“Christmas is a season for kindling the fire for hospitality in the hall, the genial flame of charity in the heart.” Washington Irving
Christmas is also the season for crackling fires in the fire place and carols sung by candlelight. Unfortunately, Christmas is the season for the rare but devastating church fire, when a church is burned to the ground because of a candle left aflame following a Christmas service. Nothing disturbs a silent night like the sirens of fire trucks responding to a three-alarm fire.
Improbable but not impossible
In the United States alone, there are over 1600 religious property fires every year. While candles only start about 4% of these fires (most are started by cooking equipment, heating equipment, or other electrical equipment), that still accounts for about 70 fires on religious properties each year with candles as the ignition source. The winter holiday season is the time when candles are used the most.
The hazard is worse because of the increased number of visitors and guests at religious services during the winter holiday season. Temporary seating may be set up, blocking means of egress that are normally quite accessible. Because visitors and guest typically don’t know where all the exits are, they are more likely to become disoriented in an emergency.
Undoubtedly, there will be ushers and church elders who will insist that they’ve been doing this for umpteen decades and have never seen a fire started by a candle. They will be right. With about 350,000 religious congregations in the United States, the probability of a candle setting a religious property on fire in any given year is about 1 in 5000. But improbable does not mean impossible, and the possibility of a candle starting a fire is an easy one to do something about.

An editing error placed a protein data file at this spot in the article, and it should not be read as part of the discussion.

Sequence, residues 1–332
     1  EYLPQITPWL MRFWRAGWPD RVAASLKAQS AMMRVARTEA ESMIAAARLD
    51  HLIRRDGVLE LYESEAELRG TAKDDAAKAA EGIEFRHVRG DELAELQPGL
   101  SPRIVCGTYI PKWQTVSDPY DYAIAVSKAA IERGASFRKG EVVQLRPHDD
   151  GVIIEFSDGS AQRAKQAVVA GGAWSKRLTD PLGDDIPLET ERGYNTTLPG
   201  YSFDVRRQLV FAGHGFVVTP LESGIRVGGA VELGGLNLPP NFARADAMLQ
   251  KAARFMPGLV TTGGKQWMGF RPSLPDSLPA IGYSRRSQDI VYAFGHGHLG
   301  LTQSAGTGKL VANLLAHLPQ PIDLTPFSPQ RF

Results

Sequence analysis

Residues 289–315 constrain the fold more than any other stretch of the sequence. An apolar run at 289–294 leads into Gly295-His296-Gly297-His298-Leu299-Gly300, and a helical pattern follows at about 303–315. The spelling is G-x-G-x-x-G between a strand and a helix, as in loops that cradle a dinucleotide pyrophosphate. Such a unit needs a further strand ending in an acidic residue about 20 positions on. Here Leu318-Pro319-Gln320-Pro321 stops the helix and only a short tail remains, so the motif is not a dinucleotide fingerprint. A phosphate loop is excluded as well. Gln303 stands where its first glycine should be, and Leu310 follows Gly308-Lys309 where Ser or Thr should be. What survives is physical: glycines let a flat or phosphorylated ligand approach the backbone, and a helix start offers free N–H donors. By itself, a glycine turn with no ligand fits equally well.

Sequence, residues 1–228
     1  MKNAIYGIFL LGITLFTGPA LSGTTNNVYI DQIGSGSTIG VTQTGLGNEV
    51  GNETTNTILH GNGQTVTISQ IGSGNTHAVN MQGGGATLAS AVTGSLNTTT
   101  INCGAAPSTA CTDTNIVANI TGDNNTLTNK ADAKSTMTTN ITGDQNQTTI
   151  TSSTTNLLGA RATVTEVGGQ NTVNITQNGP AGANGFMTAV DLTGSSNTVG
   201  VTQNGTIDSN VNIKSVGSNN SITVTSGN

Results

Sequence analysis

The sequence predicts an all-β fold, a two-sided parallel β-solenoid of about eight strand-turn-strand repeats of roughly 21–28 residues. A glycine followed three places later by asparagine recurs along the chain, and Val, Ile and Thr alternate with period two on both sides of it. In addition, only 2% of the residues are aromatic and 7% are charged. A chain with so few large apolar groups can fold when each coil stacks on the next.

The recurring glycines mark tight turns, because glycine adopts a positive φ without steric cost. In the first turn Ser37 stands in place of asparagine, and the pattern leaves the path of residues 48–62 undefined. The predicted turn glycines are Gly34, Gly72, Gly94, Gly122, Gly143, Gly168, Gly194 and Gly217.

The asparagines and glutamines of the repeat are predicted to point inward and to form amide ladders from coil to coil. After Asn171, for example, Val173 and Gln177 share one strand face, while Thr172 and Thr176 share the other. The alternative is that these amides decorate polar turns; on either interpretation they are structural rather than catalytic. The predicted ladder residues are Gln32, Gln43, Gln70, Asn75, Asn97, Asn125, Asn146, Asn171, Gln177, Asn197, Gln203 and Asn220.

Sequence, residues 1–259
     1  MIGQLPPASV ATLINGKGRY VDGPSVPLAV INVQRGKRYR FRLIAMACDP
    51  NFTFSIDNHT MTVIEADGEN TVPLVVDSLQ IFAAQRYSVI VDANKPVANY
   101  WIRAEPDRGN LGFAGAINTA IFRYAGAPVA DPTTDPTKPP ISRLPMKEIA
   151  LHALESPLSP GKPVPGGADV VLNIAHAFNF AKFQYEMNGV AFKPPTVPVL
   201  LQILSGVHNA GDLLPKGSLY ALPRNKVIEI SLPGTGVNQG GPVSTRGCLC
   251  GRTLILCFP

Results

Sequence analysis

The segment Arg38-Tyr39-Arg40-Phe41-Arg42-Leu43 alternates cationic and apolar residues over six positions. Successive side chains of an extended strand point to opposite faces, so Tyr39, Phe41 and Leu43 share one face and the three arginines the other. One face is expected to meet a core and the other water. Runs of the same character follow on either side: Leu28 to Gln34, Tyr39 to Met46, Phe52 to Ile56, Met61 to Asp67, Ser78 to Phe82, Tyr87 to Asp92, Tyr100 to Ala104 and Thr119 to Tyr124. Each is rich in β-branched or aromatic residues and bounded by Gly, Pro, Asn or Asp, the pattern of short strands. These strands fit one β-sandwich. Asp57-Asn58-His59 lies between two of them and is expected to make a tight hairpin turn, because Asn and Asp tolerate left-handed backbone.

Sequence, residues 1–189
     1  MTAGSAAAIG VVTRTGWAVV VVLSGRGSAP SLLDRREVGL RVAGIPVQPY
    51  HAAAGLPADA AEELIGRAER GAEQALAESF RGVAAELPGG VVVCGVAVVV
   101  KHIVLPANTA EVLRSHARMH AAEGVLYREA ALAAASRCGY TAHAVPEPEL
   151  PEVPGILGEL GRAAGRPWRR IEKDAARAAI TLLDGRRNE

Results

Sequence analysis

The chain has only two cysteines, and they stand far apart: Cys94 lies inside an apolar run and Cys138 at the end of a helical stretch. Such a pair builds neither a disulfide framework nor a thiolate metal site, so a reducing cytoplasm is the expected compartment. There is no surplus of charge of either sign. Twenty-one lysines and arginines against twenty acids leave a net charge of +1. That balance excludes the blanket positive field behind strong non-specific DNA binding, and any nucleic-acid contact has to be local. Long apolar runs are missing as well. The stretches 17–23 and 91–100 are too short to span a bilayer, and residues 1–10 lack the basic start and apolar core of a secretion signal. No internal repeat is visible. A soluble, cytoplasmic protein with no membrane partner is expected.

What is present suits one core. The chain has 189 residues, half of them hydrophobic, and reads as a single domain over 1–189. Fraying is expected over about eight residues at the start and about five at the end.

Worship Leader as Safety Chief
When there is going to be a special use of candles as part of the liturgy, such as an Advent wreath or handheld candles, or as decoration, there are heightened opportunities for problems. The worship leader will have great influence in the placement of fixed candles and in caring for the congregation in an emergency.
It is importance to keep combustible materials away from candles, including candles that fall over. Combustible materials can include greenery or ribbons that some will want to place around the candles, or straw in a manger. It can also include carpeting or upholstery on a pew.
Before the service begins, it will be the worship leader who announces the exit routes from the sanctuary and who quickly reviews candle safety prior to those services where candles will be hand held. It is important that the worship leader be committed to the idea that if there is an emergency, it is not a case of “the show must go on.” In an emergency, the service should stop, any dimmed lights come up, and the worship leader direct an orderly evacuation from the pulpit or lectern.
It should go without saying that fire extinguishers, even fire extinguishers in a house of worship, should be inspected monthly and subject to an annual maintenance check. Sometimes, especially in smaller congregations, this gets overlooked. If they are not up-to-date, getting them up-to-date must be a priority. Christmas Eve is not a good time. A week or two before the special holiday services is a much better time to check to make sure that the fire extinguishers are current.
Having functioning fire extinguishers is necessary, but not sufficient. The ushers should also know how to use them. Most people have never used a fire extinguisher and during a fire is a terrible time to try to figure it out. When possible, I try to meet with the ushers before the holiday services begin, but there are years when it comes down to meeting with the ushers just prior to each service. In addition to knowing how to use fire extinguishers, I make sure they know where each fire extinguisher in the building is. It is during this meeting that we also discuss and review the action plan for any kind of emergency that occurs during a special holiday service.